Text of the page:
After the birthing of bombs of forks and fear,
the frantic automatic weapons unleashed,
the spray of bullets into a crowd holding hands,
that brute sky opening in a slate metal maw
that swallows only the unsayable in each of us, what’s
left? Even the hidden nowhere river is poisoned
orange and acidic by a coal mine.

Complete poem available online at Poets.org

Context – the time, place, mental state, the overall gestalt in which a piece is read – has been a frequent theme for me as I’ve been reading this volume. Given that years, decades, centuries may pass between when a piece is written, and when it’s read, and the infinite different postures of the human mind and heart, it’s kind of a miracle we can connect to written work at all. This poem was published over two years ago – who knows when it was written – but I feel like it was written today just for me. I probably would’ve felt that way yesterday, too. And most of the yesterdays – oh, hell, all of them – from the past year-plus.

I’m so captivated by content I haven’t even worked on the rhythm or sound qualities (though the opening lines have a particularly frictional and explosive alliteration well suited to the content). I looked at it as more of an essay, opening with the state of things-as-they-are, the anger and despair so many of us have been feeling for so long, we forget it isn’t normal. Nods to, what, drone attacks, school shootings, rampant pollution written off as the cost of modernity (including the electricity with which I write these words, nudging me with an elbow of guilt right in the complicity), it’s too much, too much, and she knows we fear, that we “want to lick the creek bottom dry to suck the deadly water up into our own lungs” because this can’t be survivable.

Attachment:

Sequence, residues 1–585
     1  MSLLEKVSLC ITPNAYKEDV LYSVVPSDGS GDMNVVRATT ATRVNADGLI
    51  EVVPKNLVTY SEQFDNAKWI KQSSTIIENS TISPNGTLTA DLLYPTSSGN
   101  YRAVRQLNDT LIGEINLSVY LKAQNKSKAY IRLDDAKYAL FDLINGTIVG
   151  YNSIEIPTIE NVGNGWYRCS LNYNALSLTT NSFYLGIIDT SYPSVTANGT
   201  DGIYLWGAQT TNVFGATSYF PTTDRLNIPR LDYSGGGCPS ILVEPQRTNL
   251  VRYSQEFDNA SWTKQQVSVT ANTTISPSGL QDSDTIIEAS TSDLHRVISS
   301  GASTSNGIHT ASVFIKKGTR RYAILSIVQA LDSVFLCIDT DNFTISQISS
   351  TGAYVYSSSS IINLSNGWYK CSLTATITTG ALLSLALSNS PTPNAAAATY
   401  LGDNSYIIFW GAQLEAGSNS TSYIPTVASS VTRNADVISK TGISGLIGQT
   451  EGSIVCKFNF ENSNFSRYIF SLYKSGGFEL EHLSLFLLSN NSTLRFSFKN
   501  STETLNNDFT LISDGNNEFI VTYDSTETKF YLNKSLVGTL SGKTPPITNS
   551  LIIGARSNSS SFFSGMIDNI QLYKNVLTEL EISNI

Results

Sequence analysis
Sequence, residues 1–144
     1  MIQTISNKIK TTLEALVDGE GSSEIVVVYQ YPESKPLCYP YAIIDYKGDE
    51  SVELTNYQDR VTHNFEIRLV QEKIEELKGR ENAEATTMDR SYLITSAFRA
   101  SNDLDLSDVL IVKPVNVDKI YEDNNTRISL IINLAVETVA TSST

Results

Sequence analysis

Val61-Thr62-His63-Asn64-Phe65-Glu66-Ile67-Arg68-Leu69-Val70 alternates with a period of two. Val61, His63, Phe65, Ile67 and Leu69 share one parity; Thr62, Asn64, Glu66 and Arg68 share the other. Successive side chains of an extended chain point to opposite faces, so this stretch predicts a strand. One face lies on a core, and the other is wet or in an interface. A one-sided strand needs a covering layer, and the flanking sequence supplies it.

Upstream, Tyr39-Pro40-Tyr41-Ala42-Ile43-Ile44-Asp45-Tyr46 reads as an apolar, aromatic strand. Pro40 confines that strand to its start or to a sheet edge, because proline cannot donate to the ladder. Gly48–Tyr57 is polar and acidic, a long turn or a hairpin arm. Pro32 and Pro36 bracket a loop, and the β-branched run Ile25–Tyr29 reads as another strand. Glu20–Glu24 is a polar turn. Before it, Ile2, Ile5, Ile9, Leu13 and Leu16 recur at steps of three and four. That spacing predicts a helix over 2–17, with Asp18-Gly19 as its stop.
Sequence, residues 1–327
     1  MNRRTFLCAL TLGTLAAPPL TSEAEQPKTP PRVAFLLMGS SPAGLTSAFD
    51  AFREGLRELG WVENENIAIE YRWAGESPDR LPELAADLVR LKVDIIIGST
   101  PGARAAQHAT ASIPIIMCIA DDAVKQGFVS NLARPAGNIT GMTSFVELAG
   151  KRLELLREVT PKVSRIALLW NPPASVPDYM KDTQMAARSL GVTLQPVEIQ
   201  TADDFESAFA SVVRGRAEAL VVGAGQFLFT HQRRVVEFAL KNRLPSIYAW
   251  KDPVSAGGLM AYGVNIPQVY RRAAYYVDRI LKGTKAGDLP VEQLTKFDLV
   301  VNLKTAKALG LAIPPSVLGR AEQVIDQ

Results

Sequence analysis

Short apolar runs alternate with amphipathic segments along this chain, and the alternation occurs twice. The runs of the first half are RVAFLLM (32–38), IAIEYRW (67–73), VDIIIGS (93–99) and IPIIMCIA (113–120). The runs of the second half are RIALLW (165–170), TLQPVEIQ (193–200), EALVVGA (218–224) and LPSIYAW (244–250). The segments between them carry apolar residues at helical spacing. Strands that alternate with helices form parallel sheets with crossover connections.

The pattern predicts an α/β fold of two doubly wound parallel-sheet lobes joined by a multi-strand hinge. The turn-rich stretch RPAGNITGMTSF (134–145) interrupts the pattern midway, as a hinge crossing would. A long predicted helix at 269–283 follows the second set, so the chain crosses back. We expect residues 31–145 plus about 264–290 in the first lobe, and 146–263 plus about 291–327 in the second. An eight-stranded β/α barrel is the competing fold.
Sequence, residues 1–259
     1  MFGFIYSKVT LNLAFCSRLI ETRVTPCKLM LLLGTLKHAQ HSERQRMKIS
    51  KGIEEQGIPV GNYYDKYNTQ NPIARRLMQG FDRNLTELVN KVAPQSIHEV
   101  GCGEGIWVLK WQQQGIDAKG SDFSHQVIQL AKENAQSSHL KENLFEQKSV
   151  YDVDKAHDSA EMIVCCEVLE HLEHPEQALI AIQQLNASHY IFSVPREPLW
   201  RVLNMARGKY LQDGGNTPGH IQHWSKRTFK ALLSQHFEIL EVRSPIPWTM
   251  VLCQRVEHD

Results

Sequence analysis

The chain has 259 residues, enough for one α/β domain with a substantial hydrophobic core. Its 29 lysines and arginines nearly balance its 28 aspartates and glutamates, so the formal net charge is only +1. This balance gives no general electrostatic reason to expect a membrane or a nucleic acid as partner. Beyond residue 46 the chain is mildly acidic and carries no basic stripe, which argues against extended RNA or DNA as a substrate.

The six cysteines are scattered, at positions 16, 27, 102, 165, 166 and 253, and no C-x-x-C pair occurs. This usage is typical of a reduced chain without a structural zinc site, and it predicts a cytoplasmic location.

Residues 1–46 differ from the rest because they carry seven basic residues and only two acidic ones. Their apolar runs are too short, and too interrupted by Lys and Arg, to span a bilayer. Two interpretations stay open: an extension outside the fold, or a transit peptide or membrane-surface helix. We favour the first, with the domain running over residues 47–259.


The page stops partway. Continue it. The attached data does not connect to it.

But, of course, it is survivable.

Reader, I want to
say, Don’t die. Even when silvery fish after fish
comes back belly up, and the country plummets
into a crepitating crater of hatred, isn’t there still
something singing?

And suddenly I’m comforted, as if a quilt is tucked around me, or someone is holding my hand. I’m reminded of the music of the spheres, all the things that are still good and beautiful in the world. It’s very personal; I don’t know if I’ve ever seen a poem address the reader as Reader, though I’m sure they exist (it isn’t like I read much poetry outside of Pushcart), as sometimes fiction or essays will in various forms (Gentle Reader, Dear Reader). It’s like the poet – not the speaker, somehow, though they need to be kept distinct in theory, at least – is right here in the room with me.

Then she admits “I don’t know”. This is even more comforting, to be around someone who doesn’t have everything figured out, but who has faith that we’ll get through even this.